Few things in my professional life have left me more perplexed than the way that things are sold. I should probably state now that I do not have an MBA, and, while I am certain that there are many prominent theories on why Product A is sold direct to the public while Product B is only sold through resellers and so on, I can’t say that it makes a lot of sense to me. While this may seem like an insiders-only discussion for those of us that sell hardware or software, the reality is that more of us buy than sell so it really does concern us all.
I’ll never forget the first time I saw an advertisement for a laser scanner. It drove me crazy not knowing how much it cost. To be perfectly honest, it kind of ticked me off! Since there were so few that you could not go online and find someone that owned one and ask them, you had to call the manufacturer. As a result, I did not find out its price for months. Why? Several reasons were in play. I did not want to have to give a company representative my info, as I did not want them calling me all the time. I know this sounds silly, but I had recently completed a job that required us to rent several large-format paper scanners, and those guys were calling me once a week and any time they had a used scanner to sell. I was also a bit intimidated. I took it as a case of, “If you have to ask, you can’t afford it,” and I definitely had to ask!
Eventually, Joe LaFranca showed up in Dallas on a road show and I had a chance to see the scanner and ask some questions, including the all-important, “How much is it anyway?” However, that control over the spread of information had already delayed my purchase by several months. Surely that was not their intent. So, why not lay it all out there for the consumer?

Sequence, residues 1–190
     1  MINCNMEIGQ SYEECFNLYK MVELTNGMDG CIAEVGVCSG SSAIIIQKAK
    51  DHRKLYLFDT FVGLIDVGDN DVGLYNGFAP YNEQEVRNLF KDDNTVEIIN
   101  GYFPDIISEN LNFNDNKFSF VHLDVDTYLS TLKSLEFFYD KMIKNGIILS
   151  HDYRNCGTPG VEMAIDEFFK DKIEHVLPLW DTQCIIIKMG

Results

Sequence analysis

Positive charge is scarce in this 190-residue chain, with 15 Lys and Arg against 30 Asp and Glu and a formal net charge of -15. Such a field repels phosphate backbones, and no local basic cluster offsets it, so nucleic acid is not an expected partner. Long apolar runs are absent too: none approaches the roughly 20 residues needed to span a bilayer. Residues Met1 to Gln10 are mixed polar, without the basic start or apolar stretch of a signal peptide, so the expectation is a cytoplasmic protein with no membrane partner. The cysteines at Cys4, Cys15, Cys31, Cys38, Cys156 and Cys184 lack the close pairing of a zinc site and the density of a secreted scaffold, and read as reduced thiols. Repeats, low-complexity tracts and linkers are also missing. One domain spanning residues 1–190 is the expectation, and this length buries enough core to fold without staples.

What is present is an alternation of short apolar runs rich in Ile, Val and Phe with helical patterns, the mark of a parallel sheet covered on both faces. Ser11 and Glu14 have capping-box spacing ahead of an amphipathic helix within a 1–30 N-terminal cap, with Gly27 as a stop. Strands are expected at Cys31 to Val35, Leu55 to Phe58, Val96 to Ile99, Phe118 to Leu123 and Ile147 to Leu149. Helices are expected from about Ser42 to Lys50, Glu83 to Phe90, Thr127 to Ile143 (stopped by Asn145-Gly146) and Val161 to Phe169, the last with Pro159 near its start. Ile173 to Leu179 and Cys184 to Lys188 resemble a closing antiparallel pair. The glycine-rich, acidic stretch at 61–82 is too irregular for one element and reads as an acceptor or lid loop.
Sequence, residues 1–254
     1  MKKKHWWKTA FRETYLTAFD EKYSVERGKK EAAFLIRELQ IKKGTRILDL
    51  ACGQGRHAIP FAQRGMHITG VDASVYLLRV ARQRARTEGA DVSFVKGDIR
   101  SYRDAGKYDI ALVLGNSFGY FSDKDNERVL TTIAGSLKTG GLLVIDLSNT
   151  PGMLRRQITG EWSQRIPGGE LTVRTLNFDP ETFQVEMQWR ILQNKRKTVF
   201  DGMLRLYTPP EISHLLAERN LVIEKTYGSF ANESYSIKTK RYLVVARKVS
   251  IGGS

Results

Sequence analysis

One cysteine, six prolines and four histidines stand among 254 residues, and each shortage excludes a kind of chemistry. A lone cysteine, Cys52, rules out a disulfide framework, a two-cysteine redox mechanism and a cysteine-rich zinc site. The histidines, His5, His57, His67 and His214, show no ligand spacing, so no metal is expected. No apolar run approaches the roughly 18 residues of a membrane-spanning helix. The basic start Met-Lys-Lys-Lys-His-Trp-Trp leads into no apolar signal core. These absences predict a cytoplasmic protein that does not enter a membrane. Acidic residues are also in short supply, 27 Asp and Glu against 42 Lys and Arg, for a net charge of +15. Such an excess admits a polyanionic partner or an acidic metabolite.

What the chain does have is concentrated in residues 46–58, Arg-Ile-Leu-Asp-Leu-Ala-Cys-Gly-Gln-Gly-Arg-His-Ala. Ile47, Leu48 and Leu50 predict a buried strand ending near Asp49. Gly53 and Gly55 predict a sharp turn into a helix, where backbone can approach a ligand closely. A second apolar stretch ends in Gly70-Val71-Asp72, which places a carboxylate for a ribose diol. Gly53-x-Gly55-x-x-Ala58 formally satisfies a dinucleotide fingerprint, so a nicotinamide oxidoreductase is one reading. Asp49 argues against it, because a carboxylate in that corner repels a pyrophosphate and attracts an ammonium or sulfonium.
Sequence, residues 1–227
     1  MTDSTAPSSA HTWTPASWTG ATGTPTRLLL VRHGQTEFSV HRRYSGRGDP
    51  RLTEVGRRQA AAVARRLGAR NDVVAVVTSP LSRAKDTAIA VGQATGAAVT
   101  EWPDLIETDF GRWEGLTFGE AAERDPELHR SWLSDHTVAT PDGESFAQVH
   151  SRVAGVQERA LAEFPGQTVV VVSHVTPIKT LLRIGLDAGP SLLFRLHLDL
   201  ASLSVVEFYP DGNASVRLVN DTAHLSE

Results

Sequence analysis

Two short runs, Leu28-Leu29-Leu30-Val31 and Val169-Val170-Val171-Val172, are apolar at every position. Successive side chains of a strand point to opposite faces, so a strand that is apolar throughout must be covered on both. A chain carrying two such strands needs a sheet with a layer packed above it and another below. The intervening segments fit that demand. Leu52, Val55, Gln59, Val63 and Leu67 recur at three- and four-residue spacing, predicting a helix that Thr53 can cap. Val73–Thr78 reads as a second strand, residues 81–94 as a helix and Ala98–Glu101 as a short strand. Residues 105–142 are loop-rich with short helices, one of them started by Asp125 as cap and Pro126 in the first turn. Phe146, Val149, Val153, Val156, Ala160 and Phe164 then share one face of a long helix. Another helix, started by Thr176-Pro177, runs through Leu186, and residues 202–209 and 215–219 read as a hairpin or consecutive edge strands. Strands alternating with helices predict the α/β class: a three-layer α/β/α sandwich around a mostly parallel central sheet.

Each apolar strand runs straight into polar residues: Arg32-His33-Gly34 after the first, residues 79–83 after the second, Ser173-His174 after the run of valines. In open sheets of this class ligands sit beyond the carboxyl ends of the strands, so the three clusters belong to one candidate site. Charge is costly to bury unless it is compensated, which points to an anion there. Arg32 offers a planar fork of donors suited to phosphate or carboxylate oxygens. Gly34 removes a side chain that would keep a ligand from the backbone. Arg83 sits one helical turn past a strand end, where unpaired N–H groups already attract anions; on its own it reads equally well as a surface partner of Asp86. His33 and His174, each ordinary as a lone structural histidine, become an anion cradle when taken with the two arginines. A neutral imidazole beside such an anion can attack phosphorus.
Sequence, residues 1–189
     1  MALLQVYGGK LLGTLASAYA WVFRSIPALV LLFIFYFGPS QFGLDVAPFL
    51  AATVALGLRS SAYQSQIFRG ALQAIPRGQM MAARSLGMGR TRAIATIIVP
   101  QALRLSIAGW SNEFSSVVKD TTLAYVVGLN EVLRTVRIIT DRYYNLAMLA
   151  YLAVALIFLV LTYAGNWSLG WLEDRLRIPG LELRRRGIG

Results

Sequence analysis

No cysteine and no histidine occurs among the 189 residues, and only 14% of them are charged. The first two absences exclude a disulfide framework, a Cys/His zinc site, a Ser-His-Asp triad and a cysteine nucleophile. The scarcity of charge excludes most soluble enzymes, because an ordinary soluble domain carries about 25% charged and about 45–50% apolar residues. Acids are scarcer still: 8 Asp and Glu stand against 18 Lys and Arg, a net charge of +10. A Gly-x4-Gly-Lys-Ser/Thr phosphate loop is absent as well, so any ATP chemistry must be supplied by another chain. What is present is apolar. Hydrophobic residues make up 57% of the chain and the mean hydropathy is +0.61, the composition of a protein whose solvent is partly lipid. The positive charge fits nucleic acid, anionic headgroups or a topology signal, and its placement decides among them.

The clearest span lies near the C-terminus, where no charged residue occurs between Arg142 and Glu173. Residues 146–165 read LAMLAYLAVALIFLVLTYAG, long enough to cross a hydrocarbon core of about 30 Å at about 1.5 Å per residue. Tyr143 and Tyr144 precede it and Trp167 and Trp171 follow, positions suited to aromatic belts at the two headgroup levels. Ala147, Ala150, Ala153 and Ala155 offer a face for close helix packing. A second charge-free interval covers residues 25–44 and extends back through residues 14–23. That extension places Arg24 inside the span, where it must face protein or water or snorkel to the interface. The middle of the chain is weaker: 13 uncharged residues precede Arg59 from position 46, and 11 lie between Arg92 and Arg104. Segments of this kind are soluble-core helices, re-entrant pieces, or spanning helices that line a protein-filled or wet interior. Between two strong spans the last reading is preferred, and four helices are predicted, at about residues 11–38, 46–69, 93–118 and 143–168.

Lately I’ve been researching camera systems for a client. Once again, I found myself in the same situation. Once I got past the content in the brochure and the identical content on the website, I needed more information: resolution examples, necessary bandwidth, cost, etc. One manufacturer only sells direct through their website and via telephone. The other sells direct but also has resellers. Here’s the funny thing: the company that does mostly direct website sales has been very difficult to deal with compared to the one that has resellers. I’m sure I could just order a camera system off the website and have it in less than a week, but getting someone to answer specific questions takes an act of Congress. The company with resellers, which does not offer the ability to check prices or order products online, has been much more responsive.
So, maybe there is a place for resellers. Most of us actually have more time in the field with the hardware and software than anyone from the manufacturer. I don’t mean that as a slight against manufacturers – they are simply too busy doing what they do to employ people testing in the field all of the time. That being said, what is the answer? Which way works the best?
Today, I think a hybrid model is best. If you want to call the manufacturer or order directly through them, you should be able to. However, resellers can be an invaluable resource to end users (and a bit more objective on occasion). Where the reseller network falls apart is where it hits borders – be they political, geographic or manufacturer created. Different manufacturers have different policies, but very few allow resellers to move product anywhere they want, to any client they may have. And it is worth noting that very few major companies have only one physical location. I am constantly amazed to find that a company will have hardware or software in one office, and another office has no idea about any of it. More than once I’ve been told that each office procures its own equipment, often through different resellers, as their offices are in differing sales territories.
The internet has made our world more global in communication than ever before. Every week I receive email inquiries about products from parties all over the world. It’s incredibly frustrating to know that I spent the time and money to get their attention only to have to direct them to someone else. Worst of all, I have no way of knowing if the person I direct them to is at all qualified to help my “client,” even though it looks like I’ve recommended them. The hardest part of a sales cycle is getting your foot in the door. Setting false doors in place cannot be in anyone’s best interest. I still don’t understand why we continue to do just that.